MIRWAIS BAHEEJ (Afghanistan) said the threats of cross-border terrorism and violent extremism continue to undermine his country’s efforts to pursue sustainable development and economic growth.  Nevertheless, Afghanistan’s National Peace and Development Framework provides a blueprint for the country’s development, identifying poverty reduction and social inclusion as a main pathway forward.  Women’s empowerment in social, economic and political spheres is a top national priority and the Government is working to address inequalities through fiscal, wage and social protection policies.  In addition, work is under way to build strong, accountable institutions, create an environment conducive to private sector growth, improve human development outcomes and reduce vulnerability among internally displace persons and returnees.  A programme known as EZ-KAR aims to improve economic opportunities for refugees and internally displaced persons in host communities by providing the infrastructure for marketplaces, facilitating small business development and creating employment opportunities.  In addition, an “earned income tax credit” scheme provides support to the working poor, while education and training programmes focus on building market-oriented skills.

ESHAGH AL-HABIB (Iran) said that social protection cannot live without social inclusion and vice versa.  They are mutually reinforcing, and one paves the way for the realization of the other.  While social protection seems to be the body, social inclusion seems to be the soul and that is why wherever social protection exists without social inclusion, a vivid discrimination persists.  Iran’s Gini index improved from 0.41 in 2010 to 0.39 in 2015, and further to 0.37.  This proved a successful national plan in reducing inequality, but unilateral coercive measures, including those by the United States, torpedo the reduction in inequalities when they target Iran’s health system, banking and financial system and social protection system.

GHISLAINE WILLIAMS (Saint Kitts and Nevis) said the year 2019 represents the largest injection of financial resources for social development in the last few years.  The Government continues to reform its public policies, including social protection programmes that cater to indigent families, children, young people, older persons and persons with disabilities.  Its poverty alleviation programme, launched two months ago, aims to enhance the welfare and quality of life of the most vulnerable of its population, with low-income families receiving cash.  Her country continues to prioritize education.  Through its education sector plan, launched in 2017, the Government aims to grant equitable access to high-quality, inclusive education particularly to youth, life-long students and students with learning disabilities.  The Government has injected more than $300 million in a skills training empowerment programme.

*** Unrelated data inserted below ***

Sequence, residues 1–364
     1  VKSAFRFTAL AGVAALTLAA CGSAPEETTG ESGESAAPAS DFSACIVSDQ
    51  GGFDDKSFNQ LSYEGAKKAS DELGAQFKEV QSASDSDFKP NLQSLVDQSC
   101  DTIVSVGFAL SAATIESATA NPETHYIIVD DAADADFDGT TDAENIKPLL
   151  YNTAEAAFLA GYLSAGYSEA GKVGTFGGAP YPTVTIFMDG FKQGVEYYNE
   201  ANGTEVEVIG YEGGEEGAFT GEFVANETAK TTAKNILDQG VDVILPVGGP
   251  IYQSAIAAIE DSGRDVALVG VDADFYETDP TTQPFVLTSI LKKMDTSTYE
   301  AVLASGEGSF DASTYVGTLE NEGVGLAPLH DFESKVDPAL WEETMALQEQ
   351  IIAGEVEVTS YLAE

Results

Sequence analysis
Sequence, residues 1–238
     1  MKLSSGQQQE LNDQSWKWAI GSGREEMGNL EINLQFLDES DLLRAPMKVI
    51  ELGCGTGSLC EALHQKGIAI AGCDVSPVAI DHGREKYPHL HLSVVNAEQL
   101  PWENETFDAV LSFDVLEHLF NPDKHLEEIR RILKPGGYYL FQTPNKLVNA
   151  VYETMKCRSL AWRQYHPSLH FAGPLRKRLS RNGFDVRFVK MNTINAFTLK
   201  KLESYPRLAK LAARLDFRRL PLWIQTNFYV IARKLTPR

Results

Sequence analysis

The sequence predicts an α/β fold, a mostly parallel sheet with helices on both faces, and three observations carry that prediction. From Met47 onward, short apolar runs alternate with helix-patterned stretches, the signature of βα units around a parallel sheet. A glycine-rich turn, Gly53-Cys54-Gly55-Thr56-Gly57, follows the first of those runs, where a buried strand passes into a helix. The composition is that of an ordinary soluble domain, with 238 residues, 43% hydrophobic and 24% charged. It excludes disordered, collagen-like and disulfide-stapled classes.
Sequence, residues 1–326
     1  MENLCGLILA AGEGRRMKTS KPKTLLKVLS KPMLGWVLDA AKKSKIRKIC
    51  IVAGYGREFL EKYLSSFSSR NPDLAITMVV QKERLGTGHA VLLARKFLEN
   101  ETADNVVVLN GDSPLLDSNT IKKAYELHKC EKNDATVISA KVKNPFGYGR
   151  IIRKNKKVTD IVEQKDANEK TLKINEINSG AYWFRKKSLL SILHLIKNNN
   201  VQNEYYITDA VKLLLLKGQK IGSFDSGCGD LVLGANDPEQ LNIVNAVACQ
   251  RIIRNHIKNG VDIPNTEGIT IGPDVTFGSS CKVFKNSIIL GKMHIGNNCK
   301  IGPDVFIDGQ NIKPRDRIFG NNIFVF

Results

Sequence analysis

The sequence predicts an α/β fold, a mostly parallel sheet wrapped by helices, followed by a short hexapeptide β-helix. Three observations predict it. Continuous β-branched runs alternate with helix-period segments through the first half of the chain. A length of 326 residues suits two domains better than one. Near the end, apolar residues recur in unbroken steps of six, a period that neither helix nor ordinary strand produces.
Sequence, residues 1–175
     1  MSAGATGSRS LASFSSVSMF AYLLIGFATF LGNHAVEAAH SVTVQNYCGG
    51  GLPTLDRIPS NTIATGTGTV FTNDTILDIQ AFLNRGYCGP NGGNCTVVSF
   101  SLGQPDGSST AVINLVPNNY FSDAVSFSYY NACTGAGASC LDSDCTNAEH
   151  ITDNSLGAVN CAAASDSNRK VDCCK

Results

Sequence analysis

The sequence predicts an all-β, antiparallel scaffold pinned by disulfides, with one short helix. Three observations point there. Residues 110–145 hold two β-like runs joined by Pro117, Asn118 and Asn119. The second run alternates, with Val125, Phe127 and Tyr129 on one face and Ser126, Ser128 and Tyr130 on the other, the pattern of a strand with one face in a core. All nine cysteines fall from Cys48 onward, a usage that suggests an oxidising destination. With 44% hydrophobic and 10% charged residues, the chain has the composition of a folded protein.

ANNA NORLANDER (Sweden) said that fiscal, wage and social protection policies are the foundation of her country’s universal welfare system.  As such, they remain an important starting point for addressing inequality and social exclusion.  Sweden’s labour market model — characterized by the autonomy of social partners and the strong position of collective agreements — has produced 20 years of real wage increases, as well as the highest employment rate in the European Union, she said, pointing to the high level of employment.  She underscored the importance of Governments, trade unions and employer organizations working together to combat labour market inequalities and emphasized that few if any countries have succeeded in reducing poverty and improving living conditions without comprehensive social protection systems.  She went on to stress the right of all young people to decent living conditions and the power to shape their lives, as well as measures to make the labour market more inclusive for people with disabilities.

ANA SILVIA RODRÍGUEZ ABASCAL (Cuba) said poverty eradication, full employment and social inclusion can only be achieved by changing the current international order, which is unjust and unsustainable.  Cuba agrees with the Secretary-General on the ability of fiscal policy to address barriers to social inclusion.  Greater investment in social protection, including access to quality education and health care, will reduce poverty, she said, stressing that States bear the responsibility for fiscal, tax and wage policies.  She added that while Cuba’s social development is directly impacted by the blockade imposed by the United States, it continues to make “remarkable progress” in social matters, fulfilling several targets within the Sustainable Development Goals.